5 Mind-Blowing Facts for a Disney Enthusiast

5. Ursula, the antagonist in The Little Mermaid, is based on a stereotypical drag-queen. Designed to be a larger woman, with an unnaturally deep voice, and too much make up, her blood red nails and bright blue eye shadow help her play the role.

Ursula

Ursula

4. Disney’s heavy involvement in WWII propaganda led to the well-known faces of Mickey Mouse, Donald Duck, and Goofy being plastered on the sides of bomber planes, as well as bombs. To make matters more interesting, Disney also produced several military films for both soldiers and the American public to boost morale and portray anti-German and anti-Japanese sentiments. See “Der Fuehrer’s Face” or “Education for Death-The Making of a Nazi”

Donald Duck

Donald Duck

3. The classic film Beauty and the Beast conveys the message that one should not judge another by appearance, rather by one’s inner virtue, beauty, and goodness. However, after researching the affect of the message of Beauty and the Beast on young girls, researchers found the message may actually be “stick by your man; your love can change him from an abusive husband into a prince!”

Beauty and the Prince

Beauty and the Prince

2. Little Red Riding Hood, originally titled “The Grandmothers Tale”, first featured the line “a slut is she who eats the flesh of her grandmother.” If that wasn’t enough to alter your opinion of Little Red, let me tell you how she escaped the Big Bad Wolf in the original story. Trapped in her grandmother’s house with the Big Bad Wolf, Little Red asked if she could go outside to use the bathroom. The Wolf agreed, but only on the condition that she would allow him to tie a rope around her leg so she couldn’t escape. Little Red took so long outside that eventually the Big Bad Wolf called out, “Are you dropping a load out there?!” Hearing no reply he ran outside to see Little Red’s rope tied to a tree with her nowhere in sight. So what did Beauty and the Beast teach us Big Bad Wolf? Don’t judge a book by it’s cover, the cunning Little Red was able to escape but in a bit more of a graphic way than I remembered.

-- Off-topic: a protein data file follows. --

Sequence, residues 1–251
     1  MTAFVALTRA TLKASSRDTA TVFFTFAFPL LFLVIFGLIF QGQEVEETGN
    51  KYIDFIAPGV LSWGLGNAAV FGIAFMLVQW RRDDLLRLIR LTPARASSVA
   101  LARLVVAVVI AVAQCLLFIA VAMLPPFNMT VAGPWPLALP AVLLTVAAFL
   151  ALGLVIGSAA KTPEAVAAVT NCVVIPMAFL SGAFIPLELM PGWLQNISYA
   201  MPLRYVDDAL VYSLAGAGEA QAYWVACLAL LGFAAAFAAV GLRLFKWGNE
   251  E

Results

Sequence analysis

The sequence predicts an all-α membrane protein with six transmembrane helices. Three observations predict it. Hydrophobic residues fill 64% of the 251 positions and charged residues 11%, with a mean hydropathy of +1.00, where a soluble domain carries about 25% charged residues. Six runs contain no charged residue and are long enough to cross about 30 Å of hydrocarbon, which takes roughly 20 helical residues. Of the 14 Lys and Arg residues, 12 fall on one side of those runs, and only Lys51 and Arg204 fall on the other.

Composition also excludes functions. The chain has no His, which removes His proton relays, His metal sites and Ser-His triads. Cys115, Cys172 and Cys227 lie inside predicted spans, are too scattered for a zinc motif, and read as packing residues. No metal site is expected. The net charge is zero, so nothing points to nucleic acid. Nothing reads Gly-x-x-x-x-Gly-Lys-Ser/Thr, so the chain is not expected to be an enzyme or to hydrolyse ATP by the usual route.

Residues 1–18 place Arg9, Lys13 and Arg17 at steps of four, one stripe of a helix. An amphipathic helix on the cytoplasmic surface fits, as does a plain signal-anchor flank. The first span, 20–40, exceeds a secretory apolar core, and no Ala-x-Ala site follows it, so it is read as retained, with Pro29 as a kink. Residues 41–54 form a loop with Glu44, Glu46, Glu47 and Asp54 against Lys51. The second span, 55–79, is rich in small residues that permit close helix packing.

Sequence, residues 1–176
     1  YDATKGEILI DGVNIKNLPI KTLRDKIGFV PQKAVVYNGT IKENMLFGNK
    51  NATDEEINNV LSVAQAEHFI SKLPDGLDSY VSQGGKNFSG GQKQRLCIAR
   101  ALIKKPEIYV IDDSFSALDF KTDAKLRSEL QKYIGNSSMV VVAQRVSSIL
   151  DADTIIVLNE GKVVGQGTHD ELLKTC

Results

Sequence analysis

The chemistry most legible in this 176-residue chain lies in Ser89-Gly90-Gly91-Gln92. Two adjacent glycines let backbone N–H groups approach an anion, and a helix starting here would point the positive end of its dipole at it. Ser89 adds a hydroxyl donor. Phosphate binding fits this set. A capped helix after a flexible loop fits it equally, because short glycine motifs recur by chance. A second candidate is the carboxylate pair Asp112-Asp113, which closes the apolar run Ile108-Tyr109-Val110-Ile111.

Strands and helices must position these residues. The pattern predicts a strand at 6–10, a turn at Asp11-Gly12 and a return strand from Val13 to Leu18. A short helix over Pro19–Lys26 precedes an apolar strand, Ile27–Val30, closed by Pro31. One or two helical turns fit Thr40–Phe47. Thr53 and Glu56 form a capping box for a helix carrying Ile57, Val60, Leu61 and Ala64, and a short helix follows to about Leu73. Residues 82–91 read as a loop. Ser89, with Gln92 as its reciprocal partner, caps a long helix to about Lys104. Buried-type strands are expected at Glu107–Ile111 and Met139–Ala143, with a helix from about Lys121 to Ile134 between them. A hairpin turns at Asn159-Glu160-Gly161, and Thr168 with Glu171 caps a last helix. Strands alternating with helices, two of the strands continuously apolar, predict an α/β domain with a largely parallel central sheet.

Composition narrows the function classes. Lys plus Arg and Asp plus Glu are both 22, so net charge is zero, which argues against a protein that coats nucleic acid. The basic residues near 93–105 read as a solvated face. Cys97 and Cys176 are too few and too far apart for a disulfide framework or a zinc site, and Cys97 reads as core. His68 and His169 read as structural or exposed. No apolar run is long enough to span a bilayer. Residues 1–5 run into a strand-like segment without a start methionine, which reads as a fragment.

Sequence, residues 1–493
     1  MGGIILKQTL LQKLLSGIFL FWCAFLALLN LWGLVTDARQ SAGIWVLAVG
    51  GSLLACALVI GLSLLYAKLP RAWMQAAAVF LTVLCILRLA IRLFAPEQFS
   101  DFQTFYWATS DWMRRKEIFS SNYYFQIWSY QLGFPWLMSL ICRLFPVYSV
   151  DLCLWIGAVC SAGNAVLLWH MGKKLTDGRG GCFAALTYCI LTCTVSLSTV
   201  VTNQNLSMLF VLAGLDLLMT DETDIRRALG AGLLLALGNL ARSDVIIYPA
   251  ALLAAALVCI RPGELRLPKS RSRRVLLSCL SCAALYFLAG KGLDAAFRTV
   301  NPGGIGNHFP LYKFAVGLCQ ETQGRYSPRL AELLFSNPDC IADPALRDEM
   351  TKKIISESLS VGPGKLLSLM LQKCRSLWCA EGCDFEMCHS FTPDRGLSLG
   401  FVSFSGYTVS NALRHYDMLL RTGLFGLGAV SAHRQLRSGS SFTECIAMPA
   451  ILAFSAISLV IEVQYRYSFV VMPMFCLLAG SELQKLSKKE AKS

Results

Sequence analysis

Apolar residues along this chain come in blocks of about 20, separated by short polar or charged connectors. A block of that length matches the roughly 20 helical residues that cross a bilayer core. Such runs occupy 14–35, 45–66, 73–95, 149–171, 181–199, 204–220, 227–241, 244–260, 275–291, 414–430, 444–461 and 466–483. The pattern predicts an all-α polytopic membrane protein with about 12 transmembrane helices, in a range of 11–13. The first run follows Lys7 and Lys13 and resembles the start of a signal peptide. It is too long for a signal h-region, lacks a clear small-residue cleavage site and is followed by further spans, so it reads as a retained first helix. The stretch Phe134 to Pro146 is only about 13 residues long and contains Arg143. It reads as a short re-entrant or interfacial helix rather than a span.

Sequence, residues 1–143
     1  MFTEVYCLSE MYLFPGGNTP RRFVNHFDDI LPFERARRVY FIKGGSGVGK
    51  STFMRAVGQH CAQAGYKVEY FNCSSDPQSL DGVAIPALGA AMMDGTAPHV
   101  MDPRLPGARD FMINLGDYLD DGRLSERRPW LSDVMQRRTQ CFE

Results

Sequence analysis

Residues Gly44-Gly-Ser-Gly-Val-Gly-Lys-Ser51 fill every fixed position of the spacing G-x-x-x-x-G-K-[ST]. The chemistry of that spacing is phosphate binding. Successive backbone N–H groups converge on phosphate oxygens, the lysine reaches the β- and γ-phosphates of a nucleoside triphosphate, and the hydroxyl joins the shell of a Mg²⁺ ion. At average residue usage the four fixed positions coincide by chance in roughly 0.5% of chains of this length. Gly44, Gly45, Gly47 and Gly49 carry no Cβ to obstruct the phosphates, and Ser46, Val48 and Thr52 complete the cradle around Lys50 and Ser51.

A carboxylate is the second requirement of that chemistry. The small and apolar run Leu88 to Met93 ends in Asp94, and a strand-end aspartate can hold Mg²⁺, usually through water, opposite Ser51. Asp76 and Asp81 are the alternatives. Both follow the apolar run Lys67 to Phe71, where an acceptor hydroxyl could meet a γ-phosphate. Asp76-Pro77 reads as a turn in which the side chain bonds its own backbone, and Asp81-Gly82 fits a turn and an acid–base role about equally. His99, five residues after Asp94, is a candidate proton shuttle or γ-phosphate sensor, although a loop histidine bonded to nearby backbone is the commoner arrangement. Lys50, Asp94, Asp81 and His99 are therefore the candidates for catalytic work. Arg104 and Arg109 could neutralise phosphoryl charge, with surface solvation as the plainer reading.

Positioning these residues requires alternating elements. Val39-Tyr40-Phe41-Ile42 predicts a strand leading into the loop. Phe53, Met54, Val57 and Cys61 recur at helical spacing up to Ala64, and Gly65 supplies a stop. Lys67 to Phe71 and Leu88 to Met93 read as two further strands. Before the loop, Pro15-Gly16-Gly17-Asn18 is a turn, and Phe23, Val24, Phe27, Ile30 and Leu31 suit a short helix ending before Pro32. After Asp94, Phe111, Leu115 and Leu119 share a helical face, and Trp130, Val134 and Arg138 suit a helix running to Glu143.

Little Red and the Wolf

Little Red and the Wolf

1. Disney may partake in some occasional racism, which they spread to millions of children around the globe.

Oliver and Company:  Alonzo (a Latino Chihuahua) steals a car, and falls deeply in love with a female dog who tells him he’s the bottom of the barrel and not good enough for him.

Alonzo

Alonzo

Tarzan: The Disney version eliminates all of the black people in Africa from the film. Instead they portray a white man in Africa who is superior, and who swings from trees, and “[African children] see gorillas being the ones they relate to,” said Dr. Alvin Poussaint, the Director of the Media Center at Judge Baker Children’s Center.

The Gorillas

The Gorillas

“What does that mean to an African child, is it promoting white supremacy to African children,” he said, “of course it is.”

The Lion King: The hyenas are identified with inner city minority people, particularly blacks, so it sends a message to associate these people with evil characters.

The Hyenas

The Hyenas

Lady and the Tramp:  The Siamese cats are depicted with “slanted eyes, the buck teeth and the very heavy accents,” said Chyng Feng Sun a children’s book author. The cats are shown as “cunning, sinister, and manipulative,” she stated.

The Siamese Cats

The Siamese Cats